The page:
Mayor Bill de Blasio announced on Sunday that he will reopen elementary schools and abruptly change politics in response to widespread criticism that officials are placing more emphasis on economic activities such as indoor catering than the well-being of children in New York City.
But Mr Blasio said high and secondary schools would remain closed, but also indicated that he would review how the city handles schools during the pandemic that forced millions of children in the United States to leave school and is widely perceived. that they have caused significant harm to their education and mental health.
According to the mayor, the city is rejecting the 3 percent test positivity threshold it has adopted to close the country’s largest school system with 1.1 million children. And he said the system aims to give most parents the opportunity to send their children to school five days a week, which would effectively eliminate the so-called hybrid learning system.
Students can only return if they have already registered for personal learning, which means that less than 335,000 of the city’s schoolchildren, or roughly a third, are eligible.
Pre-K and primary school children can return from December 7th. But Mr Blasio also announced that students with the most complex disabilities could return on 10 December.
“Whatever happens in advance, we want it to be the plan for the future,” de Blasio said at a news conference. “We know what we didn’t know over the summer, we know from actual experience what works.”
Starting in the summer, Mr. de Blasio has sought to make New York the first major city in the country to completely reopen its public school system. After a series of logistical and political problems forced the mayor to delay the start of personal classes twice, the city welcomed hundreds of thousands of children back to the classroom about two months ago.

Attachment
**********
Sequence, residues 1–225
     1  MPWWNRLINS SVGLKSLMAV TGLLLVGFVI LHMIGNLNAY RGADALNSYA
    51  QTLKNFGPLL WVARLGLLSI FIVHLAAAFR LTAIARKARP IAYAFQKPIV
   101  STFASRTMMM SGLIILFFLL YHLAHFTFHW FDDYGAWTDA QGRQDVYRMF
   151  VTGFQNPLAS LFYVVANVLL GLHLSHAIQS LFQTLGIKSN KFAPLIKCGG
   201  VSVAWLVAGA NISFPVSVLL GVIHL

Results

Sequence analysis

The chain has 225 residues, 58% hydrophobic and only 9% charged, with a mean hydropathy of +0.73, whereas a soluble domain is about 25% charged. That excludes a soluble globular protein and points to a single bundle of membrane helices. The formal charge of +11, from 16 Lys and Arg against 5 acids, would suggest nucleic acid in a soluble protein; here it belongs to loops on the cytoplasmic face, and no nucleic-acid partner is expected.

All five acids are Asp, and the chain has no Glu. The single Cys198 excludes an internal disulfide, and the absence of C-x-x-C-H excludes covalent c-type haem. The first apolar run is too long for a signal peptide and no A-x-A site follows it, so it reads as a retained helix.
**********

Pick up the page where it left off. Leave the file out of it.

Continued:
The reopening, despite many problems, was seen as an important milestone in the city’s long recovery journey. But less than eight weeks after the reopening of the school buildings, but Mr Blasio closed the schools again on 18 November as the second wave of the epidemic threatened the city.
Nevertheless, the number of cases in the school system itself remained very low, so Mr Blasio’s decision became the focal point of a wider debate across the country and around the world on the issues to be closed in a pandemic. Officials struggled to keep classrooms open while forcing restaurants and bars, which are much more likely to spread the virus, to close the doors.
Mr De Blasio does not directly control the regulations on indoor dining, gyms and other facilities – these are the responsibility of Governor Andrew M. Cuomo.
But Mr Blasio’s announcement on Sunday was clearly different from the city’s original approach to managing schools at the time of the epidemic.
The new plan marks the second shot at the city’s reopening, after the first attempt was plagued by problems and the threshold for school closures was criticized by parents, politicians and public health experts.
Instead of using a specific indicator to close schools, the city is now closely monitoring the number of classrooms and schools that are closing due to the many confirmed virus cases.
And the mayor has long insisted that the entire public school system be reopened and that all students from kindergarten to 12th grade have the opportunity to study in person.
Now the country’s largest public school district will perform better than the reopened system across the country by offering classroom instruction only to young children and students with disabilities.
New York schools had extremely low test positivity in the eight weeks or so they opened in the fall, and everyone from the teacher union president to the mayor’s top public health officials agreed that the schools were safer than expected.